Nearly 30,000 Syrian children born as refugees in Lebanon are in a legal limbo, not registered with any government, exposing them to the risk of a life of statelessness deprived of basic rights.
It is a problem that is replicated, to varying degrees, in nations across the Middle East where more than 3.3 million Syrians have found safe haven from the intractable civil war in their homeland.
The life of a stateless person is a life without a nationality, without citizenship, without the basic documents that establish an individual’s identity and give him the rights accorded everyone else. Without a birth certificate, identity papers or other documents, even basic things like getting married, going to school or finding a job can be next to impossible.
“If you can’t prove your nationality, it means you can’t get legal documentation, can’t cross borders legally, can’t enjoy any other basic rights that citizens of a country are entitled too,” said Isabella Castrogiovanni, a senior child protection specialist with UNICEF. “So the consequences are obviously huge.”
The United Nations launched a major campaign last month to try to end statelessness for an estimated 10 million people around the world within 10 years.
Syria’s civil war is one of the major trouble spots, with more than 3 million people fleeing to neighboring countries to escape the bloodshed. For Syrian refugee women who give birth, acquiring the legal documentation with the local government is a chief concern. And yet, an estimated 70 percent of the 42,000 children born to Syrian parents in Lebanon since the uprising against President Bashar Assad began in March 2011 remain off the books, according to the United Nations refugee agency.
That figure only relates to the 1.1 million refugees registered with UNHCR. Lebanese officials estimate there are another 500,000 unregistered Syrians in the country. It is not known how many children have been born among that population, but whatever the number, they likely have an even lower rate of registration.
The daily hardships of life as a refugee keep many Syrian parents from registering their newborns: no money, no documents, little time off from work. The process is complicated, with multiple steps that require travel from one government office to another, money for fees and, most importantly, a slew of documents. Without the parents’ marriage license, for example, the birth of a child cannot be registered. But many Syrians had to flee their homeland on short notice and so left legal papers behind, or their papers were destroyed along with their homes.
At a natal clinic in a run-down neighborhood in south Beirut on a recent dreary December morning, around a dozen Syrian mothers with children in tow sat on green plastic chairs waiting for a checkup with the resident midwife. Most of the women said they were aware of the need to register their newborn, but only around half of them had.
Outside, one mother named Khawla from the city of Idlib in northwestern Syria cradled her newborn son in her arms as her curly-haired two-year-old, Mohammed, stomped around the damp pavement.
“It took us eight months to register Mohammed. We’re thinking we may not register him,” she said, nodding at her baby boy, Yousef, asleep in a bundle of clothing in her arms. “My husband works from 5 a.m. to 10 p.m. every day in a grocery store, so he doesn’t have time to go through the whole process. We’re waiting for a miracle to register Yousef.”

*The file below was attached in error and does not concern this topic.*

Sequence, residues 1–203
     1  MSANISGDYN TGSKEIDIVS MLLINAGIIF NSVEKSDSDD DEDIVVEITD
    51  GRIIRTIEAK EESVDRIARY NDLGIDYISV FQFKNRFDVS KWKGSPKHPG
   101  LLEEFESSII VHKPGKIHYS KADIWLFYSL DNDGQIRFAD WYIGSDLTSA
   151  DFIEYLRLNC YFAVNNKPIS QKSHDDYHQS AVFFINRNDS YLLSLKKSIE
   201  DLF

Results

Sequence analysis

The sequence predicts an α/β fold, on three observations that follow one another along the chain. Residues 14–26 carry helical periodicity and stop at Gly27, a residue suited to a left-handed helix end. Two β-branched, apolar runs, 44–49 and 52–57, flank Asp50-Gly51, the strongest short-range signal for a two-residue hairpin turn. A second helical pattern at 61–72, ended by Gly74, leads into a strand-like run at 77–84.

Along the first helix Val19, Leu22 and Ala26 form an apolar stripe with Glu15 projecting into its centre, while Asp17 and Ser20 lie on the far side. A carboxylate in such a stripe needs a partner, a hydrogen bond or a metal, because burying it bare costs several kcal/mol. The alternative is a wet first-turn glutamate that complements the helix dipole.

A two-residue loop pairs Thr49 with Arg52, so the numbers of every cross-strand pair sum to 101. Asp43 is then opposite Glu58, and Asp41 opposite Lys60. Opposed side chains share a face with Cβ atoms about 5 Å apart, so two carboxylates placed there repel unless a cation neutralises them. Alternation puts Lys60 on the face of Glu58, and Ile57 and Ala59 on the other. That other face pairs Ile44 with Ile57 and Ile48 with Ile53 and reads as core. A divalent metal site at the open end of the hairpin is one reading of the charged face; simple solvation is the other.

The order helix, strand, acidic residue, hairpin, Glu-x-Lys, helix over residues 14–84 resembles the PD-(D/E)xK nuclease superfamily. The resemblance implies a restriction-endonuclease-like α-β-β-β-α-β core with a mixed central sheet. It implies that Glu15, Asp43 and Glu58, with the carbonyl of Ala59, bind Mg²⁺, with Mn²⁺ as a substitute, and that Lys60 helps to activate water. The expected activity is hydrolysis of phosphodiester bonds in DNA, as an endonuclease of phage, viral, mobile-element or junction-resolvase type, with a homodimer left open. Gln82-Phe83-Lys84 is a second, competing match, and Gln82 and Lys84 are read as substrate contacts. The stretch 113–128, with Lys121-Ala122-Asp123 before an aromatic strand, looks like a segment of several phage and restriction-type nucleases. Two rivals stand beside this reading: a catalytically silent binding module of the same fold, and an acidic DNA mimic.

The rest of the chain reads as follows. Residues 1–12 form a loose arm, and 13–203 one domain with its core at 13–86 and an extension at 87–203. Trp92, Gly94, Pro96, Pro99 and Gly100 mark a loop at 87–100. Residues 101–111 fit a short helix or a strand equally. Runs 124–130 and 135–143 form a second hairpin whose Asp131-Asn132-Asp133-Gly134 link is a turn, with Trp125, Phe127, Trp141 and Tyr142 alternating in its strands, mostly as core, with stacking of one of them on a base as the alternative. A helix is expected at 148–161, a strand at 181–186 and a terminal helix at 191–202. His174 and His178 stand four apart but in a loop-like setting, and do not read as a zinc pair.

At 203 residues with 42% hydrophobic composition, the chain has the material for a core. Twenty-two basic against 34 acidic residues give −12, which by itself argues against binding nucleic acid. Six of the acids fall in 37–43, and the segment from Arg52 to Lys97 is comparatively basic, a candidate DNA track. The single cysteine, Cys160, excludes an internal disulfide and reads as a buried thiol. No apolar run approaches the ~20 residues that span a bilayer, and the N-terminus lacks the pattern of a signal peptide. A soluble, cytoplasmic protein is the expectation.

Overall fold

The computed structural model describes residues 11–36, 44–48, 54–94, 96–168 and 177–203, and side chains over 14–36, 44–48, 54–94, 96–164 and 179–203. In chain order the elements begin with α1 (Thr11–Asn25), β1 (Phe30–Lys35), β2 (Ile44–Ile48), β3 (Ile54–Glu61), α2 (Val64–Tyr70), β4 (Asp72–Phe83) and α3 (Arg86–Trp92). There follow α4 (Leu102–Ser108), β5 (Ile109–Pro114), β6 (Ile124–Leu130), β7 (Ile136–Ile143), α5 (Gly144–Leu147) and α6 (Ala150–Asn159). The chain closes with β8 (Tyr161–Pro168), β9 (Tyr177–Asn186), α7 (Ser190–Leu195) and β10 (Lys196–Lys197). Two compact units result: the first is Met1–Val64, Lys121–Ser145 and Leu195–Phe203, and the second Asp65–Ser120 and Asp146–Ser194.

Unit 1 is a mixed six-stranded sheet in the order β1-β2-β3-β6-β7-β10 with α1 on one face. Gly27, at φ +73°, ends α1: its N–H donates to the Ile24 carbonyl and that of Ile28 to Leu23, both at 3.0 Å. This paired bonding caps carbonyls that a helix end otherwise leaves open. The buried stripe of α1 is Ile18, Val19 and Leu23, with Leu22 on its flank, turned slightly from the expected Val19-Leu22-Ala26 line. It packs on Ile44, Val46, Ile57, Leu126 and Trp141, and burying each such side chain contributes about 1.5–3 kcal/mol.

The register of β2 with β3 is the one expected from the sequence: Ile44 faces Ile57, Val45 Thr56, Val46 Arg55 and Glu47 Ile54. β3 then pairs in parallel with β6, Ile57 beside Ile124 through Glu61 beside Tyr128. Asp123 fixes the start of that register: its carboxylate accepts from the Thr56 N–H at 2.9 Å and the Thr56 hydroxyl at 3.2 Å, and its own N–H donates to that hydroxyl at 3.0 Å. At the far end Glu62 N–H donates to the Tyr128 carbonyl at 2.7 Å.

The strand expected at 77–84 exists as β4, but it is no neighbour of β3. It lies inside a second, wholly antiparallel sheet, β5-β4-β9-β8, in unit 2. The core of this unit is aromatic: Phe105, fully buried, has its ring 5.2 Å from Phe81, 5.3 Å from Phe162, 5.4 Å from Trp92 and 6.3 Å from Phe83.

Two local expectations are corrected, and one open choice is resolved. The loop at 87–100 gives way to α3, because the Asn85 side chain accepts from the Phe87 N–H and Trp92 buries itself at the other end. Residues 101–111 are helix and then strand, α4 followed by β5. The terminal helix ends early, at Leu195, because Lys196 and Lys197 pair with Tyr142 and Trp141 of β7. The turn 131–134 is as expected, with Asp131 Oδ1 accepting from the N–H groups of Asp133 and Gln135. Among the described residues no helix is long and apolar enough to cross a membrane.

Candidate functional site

For another young mother, who gave her name as Zeinab, the barrier to registering was with the paperwork required by Lebanese authorities.
“I want to register my two youngest,” she said. “The problem is they asked for documents from Syria, but we can’t go back.”
Both women declined to give their last names out of fear of causing trouble with Lebanese authorities.
In Lebanon, the process begins when the child is born and new parents receive a birth notification from an authorized doctor or midwife. The parents must then take that, along with their own identification cards, to the local mayor to get a birth certificate for a small fee.
Then they have to register the birth certificate with a local government department handling family status records. Finally, they must register it again at another office, the provincial personal status department. Each of those steps has its own fees.
The haphazard conditions of refugee life add complications. If the parents married as refugees in Lebanon without getting the proper papers, the process hits a dead end. If a woman gives birth without an authorized midwife or doctor, she can’t even get the birth notification that starts the process.
“We’re getting to the stage where awareness about it is more widespread, but the procedures are a bit difficult to understand … and there are barriers that cause people problems,” said Jocelyn Knight, the protection coordinator for the International Rescue Committee’s office in Beirut.
“I think just because of the number of steps involved, it can be quite daunting for new parents and they’re not really sure what to do.”
The UN refugee agency and non-governmental organizations have been pushing to raise awareness among Syrian refugees across the Middle East of the need to register their children.
The situation is markedly better in Jordan than in Lebanon, for example. There, UNHCR says 70 percent of Syrian babies have been registered.
UN officials say progress has been made in the past six months to raise awareness in Lebanon.
“If you think in terms of the hope for these children to go back to Syria one day, if and when conditions allow, not having any legal document will make them like ghosts going back to their country,” UNICEF’s Castrogiovanni said.
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